What’s too much? According to Robyn Hyden, executive director of Alabama Arise, an anti-poverty coalition, “Single women and men who have one child are not eligible for adult coverage if they earn over $3,100 a year. If they have two children, the cap inches up to $3,900 a year.
“The cap is higher for pregnant women, who can earn up to $18,000. But coverage ends once they give birth. Alabama’s Medicaid program does cover children up to 18, but the annual household income cap is still low—$25,000 for a parent with one child or $31,700 for three-member households. Alabama offers another health plan, the Children’s Health Insurance Program, which has higher income limits ($54,600 to $68,800). But parents must make co-payments.”
Zippert explains that although the Affordable Care Act offers subsidized health insurance, Alabama’s poor can’t afford to buy into it because they’d need to earn $11,000 to $12,000 a year—which they don’t (though this is still under the poverty line). “They earn too much to qualify for Medicaid and too little for the ACA plan, so there’s a huge gap of people—40 percent of Greene County’s poor—who have nothing. And this is probably true in Dallas County, too,” he says. He adds that because Alabama didn’t expand Medicaid under the ACA, only 17,000 adults are eligible for it, while 134,000 have no coverage at all.
“It’s hard to comprehend the cruelty of the Supreme Court’s 2012 decision that let Alabama and about 20 other states opt out of expanding Medicaid. Louisiana joined the program when voters elected a Democratic governor, but 14 states, mostly in the South, haven’t,” says Zippert.
Cares Act funds in the political trough
How has Alabama spent its $1.9 billion in Cares Act funds? Congress’s goal with this recent legislation was to repay health facilities, city and state governments, and other groups for what they spend on Covid-19 supplies, tests, lab fees, sick leave, and nutrition assistance; it was also designed to give jobless benefits and help small businesses (with under 500 employees) keep employees on the payroll.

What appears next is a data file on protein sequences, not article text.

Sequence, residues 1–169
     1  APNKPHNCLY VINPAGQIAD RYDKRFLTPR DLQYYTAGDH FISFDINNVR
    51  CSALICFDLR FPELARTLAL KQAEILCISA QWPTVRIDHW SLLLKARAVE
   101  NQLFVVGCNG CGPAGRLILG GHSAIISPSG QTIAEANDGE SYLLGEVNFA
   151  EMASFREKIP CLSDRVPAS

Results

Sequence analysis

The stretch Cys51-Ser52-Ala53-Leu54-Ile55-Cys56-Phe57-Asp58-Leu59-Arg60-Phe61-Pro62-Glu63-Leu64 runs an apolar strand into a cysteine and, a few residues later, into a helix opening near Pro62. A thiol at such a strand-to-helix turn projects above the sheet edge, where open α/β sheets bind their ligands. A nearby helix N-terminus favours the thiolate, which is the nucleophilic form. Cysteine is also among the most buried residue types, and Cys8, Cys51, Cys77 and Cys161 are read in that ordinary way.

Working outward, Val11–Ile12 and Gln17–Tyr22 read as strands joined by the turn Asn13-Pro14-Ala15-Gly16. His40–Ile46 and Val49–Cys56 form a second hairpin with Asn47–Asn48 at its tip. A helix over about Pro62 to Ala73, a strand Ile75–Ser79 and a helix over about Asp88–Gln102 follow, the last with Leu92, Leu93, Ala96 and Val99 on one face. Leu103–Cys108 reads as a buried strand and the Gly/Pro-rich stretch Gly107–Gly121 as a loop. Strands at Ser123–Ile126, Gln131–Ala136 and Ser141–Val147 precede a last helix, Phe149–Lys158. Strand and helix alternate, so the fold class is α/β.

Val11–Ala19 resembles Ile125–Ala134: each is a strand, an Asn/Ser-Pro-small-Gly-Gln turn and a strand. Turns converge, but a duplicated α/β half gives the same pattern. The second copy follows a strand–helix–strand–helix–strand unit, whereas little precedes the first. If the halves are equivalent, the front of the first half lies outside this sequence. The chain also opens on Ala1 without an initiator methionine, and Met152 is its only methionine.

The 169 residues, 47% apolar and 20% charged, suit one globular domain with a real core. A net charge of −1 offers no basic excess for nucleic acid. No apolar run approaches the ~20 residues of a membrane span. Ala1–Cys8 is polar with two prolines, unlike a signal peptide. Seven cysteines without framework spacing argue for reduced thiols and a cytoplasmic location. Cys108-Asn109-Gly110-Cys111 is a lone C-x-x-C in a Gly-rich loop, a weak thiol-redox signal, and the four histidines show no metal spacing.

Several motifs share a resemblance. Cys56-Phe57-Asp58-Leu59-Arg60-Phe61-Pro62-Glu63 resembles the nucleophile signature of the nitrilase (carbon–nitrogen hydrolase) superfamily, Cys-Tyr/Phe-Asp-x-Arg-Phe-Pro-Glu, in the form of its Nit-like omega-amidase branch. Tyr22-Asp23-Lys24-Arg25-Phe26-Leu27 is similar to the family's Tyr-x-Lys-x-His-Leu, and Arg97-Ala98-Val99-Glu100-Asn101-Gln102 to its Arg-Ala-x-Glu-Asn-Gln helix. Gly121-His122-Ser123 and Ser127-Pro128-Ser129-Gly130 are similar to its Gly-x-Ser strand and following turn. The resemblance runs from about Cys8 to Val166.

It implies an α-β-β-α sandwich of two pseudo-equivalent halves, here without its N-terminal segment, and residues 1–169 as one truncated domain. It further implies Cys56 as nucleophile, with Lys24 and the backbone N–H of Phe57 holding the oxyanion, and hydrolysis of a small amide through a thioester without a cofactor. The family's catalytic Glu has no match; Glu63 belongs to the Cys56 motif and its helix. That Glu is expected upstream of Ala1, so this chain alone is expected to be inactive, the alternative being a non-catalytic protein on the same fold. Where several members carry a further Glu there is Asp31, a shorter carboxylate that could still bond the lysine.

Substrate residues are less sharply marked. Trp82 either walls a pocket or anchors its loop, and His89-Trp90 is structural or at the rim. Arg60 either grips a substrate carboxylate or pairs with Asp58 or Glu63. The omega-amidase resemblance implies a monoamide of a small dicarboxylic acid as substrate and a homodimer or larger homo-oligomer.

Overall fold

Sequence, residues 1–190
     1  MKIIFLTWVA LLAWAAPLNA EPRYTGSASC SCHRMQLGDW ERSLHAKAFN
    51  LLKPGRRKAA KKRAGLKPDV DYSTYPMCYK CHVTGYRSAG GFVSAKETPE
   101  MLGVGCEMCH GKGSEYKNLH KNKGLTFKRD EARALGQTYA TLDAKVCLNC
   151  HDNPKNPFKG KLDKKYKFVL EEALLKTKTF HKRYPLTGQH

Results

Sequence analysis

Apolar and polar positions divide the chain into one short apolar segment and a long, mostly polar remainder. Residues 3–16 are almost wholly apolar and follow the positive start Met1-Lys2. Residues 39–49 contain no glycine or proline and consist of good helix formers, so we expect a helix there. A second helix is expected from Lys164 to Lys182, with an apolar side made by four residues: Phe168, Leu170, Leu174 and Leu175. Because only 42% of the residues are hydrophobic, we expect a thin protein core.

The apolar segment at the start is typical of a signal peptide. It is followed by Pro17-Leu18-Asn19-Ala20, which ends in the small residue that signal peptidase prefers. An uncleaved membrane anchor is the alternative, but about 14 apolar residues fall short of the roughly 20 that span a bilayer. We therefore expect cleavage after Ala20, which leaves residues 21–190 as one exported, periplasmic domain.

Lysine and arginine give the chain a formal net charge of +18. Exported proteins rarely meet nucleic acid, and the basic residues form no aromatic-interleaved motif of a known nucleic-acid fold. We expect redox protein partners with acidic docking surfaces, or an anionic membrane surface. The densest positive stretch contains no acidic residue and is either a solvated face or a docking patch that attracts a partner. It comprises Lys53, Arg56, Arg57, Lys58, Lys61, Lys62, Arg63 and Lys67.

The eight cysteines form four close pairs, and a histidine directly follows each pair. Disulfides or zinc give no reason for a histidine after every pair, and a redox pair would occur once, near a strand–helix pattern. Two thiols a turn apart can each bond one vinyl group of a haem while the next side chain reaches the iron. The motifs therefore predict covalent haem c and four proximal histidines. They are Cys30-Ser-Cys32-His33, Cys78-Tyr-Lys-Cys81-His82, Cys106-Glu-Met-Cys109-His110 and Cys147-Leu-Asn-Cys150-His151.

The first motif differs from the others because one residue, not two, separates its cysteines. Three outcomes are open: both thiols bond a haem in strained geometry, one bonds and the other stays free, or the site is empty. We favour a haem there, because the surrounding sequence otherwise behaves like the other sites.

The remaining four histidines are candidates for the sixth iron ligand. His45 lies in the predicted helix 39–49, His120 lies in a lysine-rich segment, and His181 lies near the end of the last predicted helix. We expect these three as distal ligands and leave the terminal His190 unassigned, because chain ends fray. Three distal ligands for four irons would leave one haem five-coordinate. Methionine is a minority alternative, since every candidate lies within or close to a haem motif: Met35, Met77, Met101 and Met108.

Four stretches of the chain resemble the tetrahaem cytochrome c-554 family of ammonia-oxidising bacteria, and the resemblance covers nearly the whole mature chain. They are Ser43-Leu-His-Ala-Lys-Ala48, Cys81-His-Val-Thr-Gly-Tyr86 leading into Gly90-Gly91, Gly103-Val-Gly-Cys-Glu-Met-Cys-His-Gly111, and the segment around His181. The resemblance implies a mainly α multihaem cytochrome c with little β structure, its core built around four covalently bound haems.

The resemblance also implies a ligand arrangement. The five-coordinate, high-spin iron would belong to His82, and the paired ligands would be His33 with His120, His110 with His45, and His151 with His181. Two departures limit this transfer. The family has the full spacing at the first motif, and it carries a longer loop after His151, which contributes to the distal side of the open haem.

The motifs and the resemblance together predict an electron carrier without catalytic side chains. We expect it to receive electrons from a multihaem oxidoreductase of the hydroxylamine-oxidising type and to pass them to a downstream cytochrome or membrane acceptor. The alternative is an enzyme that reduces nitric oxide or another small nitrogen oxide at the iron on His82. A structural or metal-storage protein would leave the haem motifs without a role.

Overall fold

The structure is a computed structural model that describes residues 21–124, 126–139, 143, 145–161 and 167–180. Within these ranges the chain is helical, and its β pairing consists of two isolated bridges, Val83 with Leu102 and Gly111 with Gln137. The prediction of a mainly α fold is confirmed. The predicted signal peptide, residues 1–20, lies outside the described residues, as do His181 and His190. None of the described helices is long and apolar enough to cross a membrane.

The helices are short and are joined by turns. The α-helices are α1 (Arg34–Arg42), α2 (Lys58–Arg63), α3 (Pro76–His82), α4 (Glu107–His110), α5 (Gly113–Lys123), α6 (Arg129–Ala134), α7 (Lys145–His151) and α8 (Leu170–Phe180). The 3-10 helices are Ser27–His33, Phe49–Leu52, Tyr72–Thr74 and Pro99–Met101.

When Congress approved the Cares relief, some Alabama legislators had their own priorities. Del Marsh, the Republican speaker of the Alabama Senate, wanted $200 million to build a new statehouse. U.S. Senator Richard Shelby wanted to match state funds with Cares dollars to extend 16 Alabama airport runways. Governor Ivey’s budget, which the legislature approved, omitted these items. But some other items still raise red flags.
According to the Selma Times Journal, the state awarded $743,000 to the Law Enforcement Agency: of that, $400,000 will be used to “remove impaired drivers from highways” and $343,000 will support the “drug recognition program.” The link to Covid-19 is not immediately clear.
Nor is the $10 million for the Alabama Forestry Association “to help timber owners impacted by Covid-19.” Chris Isaacs, executive vice president of the Alabama Forestry Association, said, “Forest landowners were particularly hard hit.”
This seems arguable, as a Bloomberg News piece on September 18 reported, “In April, pent-up demand for lumber exploded. Do-it-yourselfers fortified by government stimulus checks took on home repairs and remodeling.” According to Kevin Mason, managing director at ERA Forest Products in British Columbia, “We’re in an unprecedented market. The current price, $640 per thousand board feet, is higher than the average over the last four years.”